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Space travel in your cinema seat … Hidden Universe 3D (Sydney: September 5; Melbourne: September 12, 2013) brings the sun, the moon, the most distant stars into your range of vision with clarity like never before, the film’s director, Russell Scott tells Andrew L. Urban.

For the first time in history, “the images we’ve collated [for Hidden Universe] are IMAX quality, with 10 times the resolution of your TV, including the images of the sun, which are so detailed,” says director Russell Scott with evident enthusiasm.

His enthusiasm is entirely justified: the huge, detailed image of the sun seen in Hidden Universe 3D has the power to change forever our perception of this giant life giving, living star. It isn’t a gold disc at all. It is a feverish quasimodo, scarred, belching, furiously red in parts, its pluming hot gases making it gnarled and beautiful all at once.

"Resolution is the key"

“Resolution is the key,” says Scott. The images of the sun were something of a discovery. “We had originally planned a very short scene showing the sun, but our producer Stephen Amezdroz suggested we look for a really good image. Eventually I discovered that the Solar Dynamics Observatory had just recently started sending back IMAX size images of the sun – every second!”

Scott was so amazed by the high resolution images he found of Mars, for example, he examined one single frame for a full hour. “You can see 30cm rocks, it’s so detailed.” And this is the secret of Hidden Universe 3D: it brings together some of the most remarkable images of our universe – and the universe beyond our universe – in the spectacular form of the IMAX screen. The world’s largest IMAX screen is in Sydney.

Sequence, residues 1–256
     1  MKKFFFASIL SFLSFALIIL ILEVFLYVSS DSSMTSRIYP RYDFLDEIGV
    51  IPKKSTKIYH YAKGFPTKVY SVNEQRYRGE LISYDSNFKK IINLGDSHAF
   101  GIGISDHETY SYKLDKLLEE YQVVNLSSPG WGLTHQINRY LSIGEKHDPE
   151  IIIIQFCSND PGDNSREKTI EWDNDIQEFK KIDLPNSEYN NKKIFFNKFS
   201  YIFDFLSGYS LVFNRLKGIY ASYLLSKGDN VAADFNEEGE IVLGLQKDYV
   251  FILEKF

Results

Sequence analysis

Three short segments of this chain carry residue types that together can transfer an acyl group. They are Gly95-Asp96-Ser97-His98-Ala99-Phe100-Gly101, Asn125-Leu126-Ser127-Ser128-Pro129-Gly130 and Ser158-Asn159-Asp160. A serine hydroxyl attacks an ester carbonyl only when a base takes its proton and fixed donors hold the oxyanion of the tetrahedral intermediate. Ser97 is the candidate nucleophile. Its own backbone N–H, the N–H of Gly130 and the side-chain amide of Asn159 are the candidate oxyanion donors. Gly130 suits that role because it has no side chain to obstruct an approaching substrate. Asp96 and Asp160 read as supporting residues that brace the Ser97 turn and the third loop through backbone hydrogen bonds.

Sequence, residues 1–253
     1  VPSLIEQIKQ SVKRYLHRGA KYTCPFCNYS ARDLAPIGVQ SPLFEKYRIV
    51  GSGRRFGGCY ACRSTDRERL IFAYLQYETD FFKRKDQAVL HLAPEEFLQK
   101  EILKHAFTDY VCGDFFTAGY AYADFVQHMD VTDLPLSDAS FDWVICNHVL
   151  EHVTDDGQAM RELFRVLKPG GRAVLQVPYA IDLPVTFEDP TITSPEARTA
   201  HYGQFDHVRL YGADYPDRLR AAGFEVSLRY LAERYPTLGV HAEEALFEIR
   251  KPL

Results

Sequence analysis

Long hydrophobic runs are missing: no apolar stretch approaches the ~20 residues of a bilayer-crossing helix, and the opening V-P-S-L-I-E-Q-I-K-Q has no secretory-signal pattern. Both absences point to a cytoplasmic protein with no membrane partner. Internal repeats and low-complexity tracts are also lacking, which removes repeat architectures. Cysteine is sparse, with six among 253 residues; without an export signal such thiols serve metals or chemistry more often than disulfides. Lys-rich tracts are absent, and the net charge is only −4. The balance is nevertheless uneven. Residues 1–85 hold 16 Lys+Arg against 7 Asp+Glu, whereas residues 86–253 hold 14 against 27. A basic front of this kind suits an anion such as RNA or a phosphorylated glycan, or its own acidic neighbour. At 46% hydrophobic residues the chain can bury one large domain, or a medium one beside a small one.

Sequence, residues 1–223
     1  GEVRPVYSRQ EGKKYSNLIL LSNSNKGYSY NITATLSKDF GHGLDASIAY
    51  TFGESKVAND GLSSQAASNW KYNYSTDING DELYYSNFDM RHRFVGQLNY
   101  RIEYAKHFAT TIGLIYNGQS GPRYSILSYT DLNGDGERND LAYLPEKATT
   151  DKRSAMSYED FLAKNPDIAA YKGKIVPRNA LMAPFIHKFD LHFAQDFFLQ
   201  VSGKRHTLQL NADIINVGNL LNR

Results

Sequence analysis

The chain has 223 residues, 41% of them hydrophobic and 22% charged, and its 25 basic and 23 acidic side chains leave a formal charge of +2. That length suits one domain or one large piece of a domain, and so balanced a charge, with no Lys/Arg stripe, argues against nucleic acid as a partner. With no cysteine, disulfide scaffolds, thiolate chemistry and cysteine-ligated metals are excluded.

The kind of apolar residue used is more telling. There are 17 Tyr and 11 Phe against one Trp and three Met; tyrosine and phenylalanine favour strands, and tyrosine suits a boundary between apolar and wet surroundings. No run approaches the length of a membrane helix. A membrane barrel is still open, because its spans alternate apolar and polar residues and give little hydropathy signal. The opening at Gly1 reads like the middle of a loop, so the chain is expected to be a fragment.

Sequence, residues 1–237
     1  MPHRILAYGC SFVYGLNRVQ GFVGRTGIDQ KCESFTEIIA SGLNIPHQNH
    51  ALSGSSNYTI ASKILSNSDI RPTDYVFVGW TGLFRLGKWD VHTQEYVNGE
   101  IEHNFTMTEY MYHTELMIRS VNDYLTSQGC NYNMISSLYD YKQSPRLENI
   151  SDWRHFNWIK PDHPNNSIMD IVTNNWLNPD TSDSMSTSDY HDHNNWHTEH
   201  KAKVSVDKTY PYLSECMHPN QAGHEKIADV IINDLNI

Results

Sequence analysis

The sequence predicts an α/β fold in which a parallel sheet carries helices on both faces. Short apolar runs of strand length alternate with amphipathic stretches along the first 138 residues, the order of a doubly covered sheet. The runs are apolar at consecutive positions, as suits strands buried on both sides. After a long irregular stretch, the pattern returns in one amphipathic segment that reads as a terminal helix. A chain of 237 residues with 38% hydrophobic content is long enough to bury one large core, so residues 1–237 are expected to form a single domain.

“I doubt there are many places in the world where this film could have been made,” says Scott. “It requires all the resources of running a supercomputer to astronomy simulation, such as the final scene …” This is the Gigglez simulation, the work of astronomer Dr Gregory Poole, which shows how huge is the universe; “it’s watching 13 billion years of evolution,” says Scott.

Many engineers and scientists were involved in the two year process. To get the best view of space, the telescopes featured in Hidden Universe—the VLT and ALMA telescopes—are positioned in an extreme environment, as high as almost 5,000 metres in Chile’s remote Atacama Desert. The austere, moon-like landscape provides ideal conditions to see deep into space because there is less atmosphere at altitude, the sky is almost always clear due to the extremely dry climate, and it is so remote there is no light pollution at all.

"inspiring new theories about how the universe was formed"

“We've made a film about what lies within the gaze of this new generation of telescopes—telescopes so powerful they can locate images in space equivalent to distinguishing the headlights of a car on the surface of the moon,” says producer Stephen Amezdroz, a longtime documentary filmmaker. “This new technology is allowing scientists to peer back even further into space, revealing secrets about the cosmos that until recently were completely hidden from view and inspiring new theories about how the universe was formed.”

And it’s not just the science, says Scott, “but the unique language of IMAX – it’s not like any other cinematic language, and it’s very rewarding, very beautiful.”

Published September 5, 2013

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Russell Scott


The cosmic glow of the Carina Nebula, which contains two of the most massive and luminous stars in our Milky Way galaxy, as featured in Hidden Universe.

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